“In the first game, we continued right where we left off against Gibson Co. We came out early and hit the ball well. One of the things that we had done was put pressure on Trinity. Going all the way back to game one, we scored four runs, but we only got one hit and took advantage of some wildness and errors by Trinity. We never generated a lot of offense against them. I think we pressed a little bit. In this game, when we got to the third inning and put three runs on the scoreboard, I think you could just see us kind of relax. We went up to bat with confidence again and, to me, the fourth inning was the key to the game, because we put a six-run inning together and then added three more in the fifth. When they scored a run in the fourth, we came back and scored to take whatever momentum they had right back. Again, it was a great hitting performance,” noted Coach Lumley.

“From a pitching standpoint, I was proud of Hunter Hudson, he has not pitched in weeks because of shoulder problems. We didn’t know really what to expect. He went out there, threw strikes and put them into play. He gave us the five innings we were hoping for and we were able to end that game in five innings, because of a great hitting performance from the team,” praised the coach.

Due to Lane Forsythe’s solid pitching performance, TCA held off Trenton’s comeback threat to win the championship game 4-2. After throwing a shutout in the first four innings, the 14-A District Player of the Year allowed Peabody single runs in the fifth and sixth innings, but combined with reliever Craft to hold Trenton scoreless in the seventh inning to preserve the 4-2 win. Supplying Peabody’s seven hits were: Fields and Hudson, with two each and Halbrook, Workman and Hammonds, with one apiece. Starting pitcher Austin Workman and reliever Carson Vandiver combined  to limit TCA to  four runs on  six hits, with  six strikeouts and  one walk.

“The second (if necessary) game was one of the most exciting games of the season. Much different from the first game, there was more pressure. Both teams played hard. There was no score going into the fourth inning, but Trinity got a couple of big hits to go up two.  They came back and got two more. I was proud of the way our kids responded. We scored one in the fifth and one in the sixth and had two men on base in the seventh with a chance to tie. That is all you can ask. I think two big plays in that game were defensive plays by Trinity. They had a play where the rightfielder made a diving catch and if he doesn’t catch that it is a triple. That was a huge play. And, during an at-bat with Hunter (Hudson), he did a great job of going to the opposite field with a ground ball, but the second baseman dives and ends up catching it. If that doesn’t get caught, that’s another run. I can’t say enough about Austin Workman going out there and giving us an opportunity to win. Then, we came in with a freshman (Carson Vandiver), who throws two innings,” informed Coach Lumley.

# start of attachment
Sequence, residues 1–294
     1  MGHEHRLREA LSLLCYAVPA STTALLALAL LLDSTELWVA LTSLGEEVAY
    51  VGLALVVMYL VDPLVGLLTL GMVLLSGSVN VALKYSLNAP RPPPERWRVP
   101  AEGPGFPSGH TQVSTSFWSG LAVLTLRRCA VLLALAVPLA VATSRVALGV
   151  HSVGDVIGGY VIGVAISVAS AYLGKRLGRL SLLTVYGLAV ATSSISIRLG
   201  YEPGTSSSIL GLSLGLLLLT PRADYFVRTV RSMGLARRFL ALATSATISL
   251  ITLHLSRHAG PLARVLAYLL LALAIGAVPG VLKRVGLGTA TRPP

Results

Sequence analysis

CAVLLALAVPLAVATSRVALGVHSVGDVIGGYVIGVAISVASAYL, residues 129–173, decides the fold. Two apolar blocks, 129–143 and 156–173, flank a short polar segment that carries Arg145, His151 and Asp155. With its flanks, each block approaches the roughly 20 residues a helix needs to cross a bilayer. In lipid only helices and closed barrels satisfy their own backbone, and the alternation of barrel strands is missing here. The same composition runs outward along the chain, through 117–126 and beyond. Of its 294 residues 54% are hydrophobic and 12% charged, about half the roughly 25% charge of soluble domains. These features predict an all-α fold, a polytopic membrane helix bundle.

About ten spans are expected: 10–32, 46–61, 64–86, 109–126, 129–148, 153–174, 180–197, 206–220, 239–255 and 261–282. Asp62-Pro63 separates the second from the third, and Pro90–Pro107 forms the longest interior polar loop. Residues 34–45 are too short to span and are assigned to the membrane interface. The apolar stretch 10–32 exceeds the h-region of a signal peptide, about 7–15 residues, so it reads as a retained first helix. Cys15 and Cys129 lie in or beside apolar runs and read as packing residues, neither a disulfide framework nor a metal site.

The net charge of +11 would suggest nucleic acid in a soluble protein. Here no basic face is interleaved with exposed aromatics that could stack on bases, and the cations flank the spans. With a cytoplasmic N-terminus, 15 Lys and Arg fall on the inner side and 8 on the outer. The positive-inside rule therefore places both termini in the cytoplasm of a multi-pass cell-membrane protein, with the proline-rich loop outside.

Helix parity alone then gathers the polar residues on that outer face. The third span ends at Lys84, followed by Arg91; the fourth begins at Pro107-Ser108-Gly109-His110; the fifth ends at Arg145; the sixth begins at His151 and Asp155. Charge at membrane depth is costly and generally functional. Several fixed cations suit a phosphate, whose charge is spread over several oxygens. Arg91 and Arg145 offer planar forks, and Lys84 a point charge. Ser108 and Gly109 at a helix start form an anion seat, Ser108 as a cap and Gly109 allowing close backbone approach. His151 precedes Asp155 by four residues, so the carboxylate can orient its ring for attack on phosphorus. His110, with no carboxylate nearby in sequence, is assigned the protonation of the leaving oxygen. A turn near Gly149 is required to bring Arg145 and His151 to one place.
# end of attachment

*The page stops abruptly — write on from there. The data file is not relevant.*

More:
“He added, “I hate it for the kids to give that much effort and not get rewarded, but, again, that is life. They went out and played both games like champions and certainly represented the school and community well in that championship series.”

“Monday’s game on the road at Union City is a great opportunity for us.  We are going to face, according to polls, the number one ranked team in the state. Union City has a great ball club. They will be playing on their field. We are used to playing up there, because we played tournaments up there for so many years. So, we are familiar with the stadium, which is a great place to play. If we go up there and play with the same execution, attitude and desire, we have a shot at them. We will have to play extremely well, because Union City is a very solid team. Our team has the ability to win. It comes down to one game. I tell our kids it is who plays the best when you get to this. You can look at and compare talent, but the team that plays the best will win. So, it is our goal to play as good a game as we can. We will see the results,” challenged Coach Lumley.